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Freestyle's evolution



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At the same time freestyle was imploding ski racing was making a comeback. Franz Klammer’s breathtaking run at the 1976 Olympics in Innsbruck and four upstart Canadians, dubbed the Crazy Canucks, dragged the spotlight from freestyle to downhill racing. Some vestige of a pro freestyle tour remained, but Johnston decided the only hope for the future was to go amateur.

"We had to grow freestyle into the national ski federations system," he says. "We conformed, they accepted."

But it wasn’t as simple as that. Johnston approached the International Ski Federation about taking freestyle under its umbrella in 1975. It was a tough sell to most of the conservative, grey-haired members of the FIS, but he felt it was the only way if international standards for safety – particularly in aerials – were ever to be established.

"It was a great game of chess," he says of the four-year struggle to gain acceptance from the FIS. But he gives credit to former president Marc Hodler for having the vision to see freestyle should come under the jurisdiction of the International Ski Federation. In the spring of 1979 Johnston became the first chairman of the FIS Freestyle Committee. Now 50, he was until a couple of years ago the only chairman the committee had ever had. He is still an honourary member of the committee.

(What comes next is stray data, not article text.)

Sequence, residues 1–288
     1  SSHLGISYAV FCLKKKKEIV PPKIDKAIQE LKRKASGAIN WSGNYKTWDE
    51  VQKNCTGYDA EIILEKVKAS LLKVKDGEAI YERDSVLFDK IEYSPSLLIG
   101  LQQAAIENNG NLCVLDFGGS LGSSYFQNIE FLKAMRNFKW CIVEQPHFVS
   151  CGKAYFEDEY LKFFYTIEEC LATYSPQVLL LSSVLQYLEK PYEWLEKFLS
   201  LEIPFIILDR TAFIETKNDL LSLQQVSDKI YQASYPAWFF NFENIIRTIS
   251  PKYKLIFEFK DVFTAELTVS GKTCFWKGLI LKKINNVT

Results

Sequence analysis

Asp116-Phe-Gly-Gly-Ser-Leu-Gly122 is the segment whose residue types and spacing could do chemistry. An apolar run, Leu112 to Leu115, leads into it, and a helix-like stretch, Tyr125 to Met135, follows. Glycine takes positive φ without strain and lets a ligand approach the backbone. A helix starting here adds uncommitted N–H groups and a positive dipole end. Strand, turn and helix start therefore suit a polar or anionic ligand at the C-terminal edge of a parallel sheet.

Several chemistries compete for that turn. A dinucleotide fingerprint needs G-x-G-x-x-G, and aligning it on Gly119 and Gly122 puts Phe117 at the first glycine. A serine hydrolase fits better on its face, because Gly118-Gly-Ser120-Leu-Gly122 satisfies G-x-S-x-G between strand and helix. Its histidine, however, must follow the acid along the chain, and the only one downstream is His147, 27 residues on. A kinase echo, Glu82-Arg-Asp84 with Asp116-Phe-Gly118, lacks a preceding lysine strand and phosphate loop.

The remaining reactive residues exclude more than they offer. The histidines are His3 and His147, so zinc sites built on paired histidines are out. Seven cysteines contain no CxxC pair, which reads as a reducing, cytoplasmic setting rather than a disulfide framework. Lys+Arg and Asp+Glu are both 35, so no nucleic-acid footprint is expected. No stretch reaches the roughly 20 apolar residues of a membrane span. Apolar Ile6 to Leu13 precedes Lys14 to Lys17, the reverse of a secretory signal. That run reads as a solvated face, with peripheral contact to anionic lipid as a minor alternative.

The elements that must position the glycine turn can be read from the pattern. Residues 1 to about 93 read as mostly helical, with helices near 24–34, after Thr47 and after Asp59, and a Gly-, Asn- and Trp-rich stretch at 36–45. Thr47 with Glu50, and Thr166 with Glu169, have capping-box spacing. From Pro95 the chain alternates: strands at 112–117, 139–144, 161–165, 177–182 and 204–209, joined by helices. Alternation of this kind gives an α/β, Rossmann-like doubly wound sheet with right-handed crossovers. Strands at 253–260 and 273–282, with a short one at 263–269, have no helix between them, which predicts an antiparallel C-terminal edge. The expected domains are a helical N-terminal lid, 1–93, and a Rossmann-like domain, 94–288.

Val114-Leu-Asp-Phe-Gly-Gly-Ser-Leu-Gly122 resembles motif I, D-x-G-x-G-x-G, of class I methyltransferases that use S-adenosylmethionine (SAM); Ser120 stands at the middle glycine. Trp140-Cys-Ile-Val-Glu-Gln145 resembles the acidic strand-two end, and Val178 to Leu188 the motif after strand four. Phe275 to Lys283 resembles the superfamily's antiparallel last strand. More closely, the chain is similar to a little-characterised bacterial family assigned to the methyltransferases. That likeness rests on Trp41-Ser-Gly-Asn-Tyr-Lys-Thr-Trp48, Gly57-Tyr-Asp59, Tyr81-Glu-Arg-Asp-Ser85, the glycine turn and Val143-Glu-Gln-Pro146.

At the same time he was playing chess with the FIS Johnston was working with the Canadian Ski Association to develop regional amateur competitions and establish ranking systems similar to those used in ski racing, so that freestyle competitors could work their way up to provincial and national competitions.

In 1978 the first Canadian national freestyle team was formed, and on Jan. 26, 1979 the first Can-Am Amateur Freestyle event was held at Edelweiss Valley, near Ottawa. The American team, still struggling with liability issues, was forbidden to execute inverted or 720-degree jumps. The overall champion of that meet was a fellow named Greg Stump.

Johnston’s FIS Freestyle Committee hammered together a freestyle World Cup circuit by the fall of 1980 and launched it in 1981. Still smarting from the collapse of the pro tours in the mid-70s, World Cup freestyle struggled to attract corporate sponsorship. But in 1983 the FIS approved a freestyle world championship competition, the next requirement for Olympic acceptance. The first world championships were held in Tignes, France in 1986.

"It took a decade to rebuild the sport," Johnston recalls. "Poor economics, insurance risks, a stagnant ski industry, liability, were all hurdles. The IOC, the FIS, the National Ski Areas Association, insurance companies, the media – they all had to be convinced in the ’80s."

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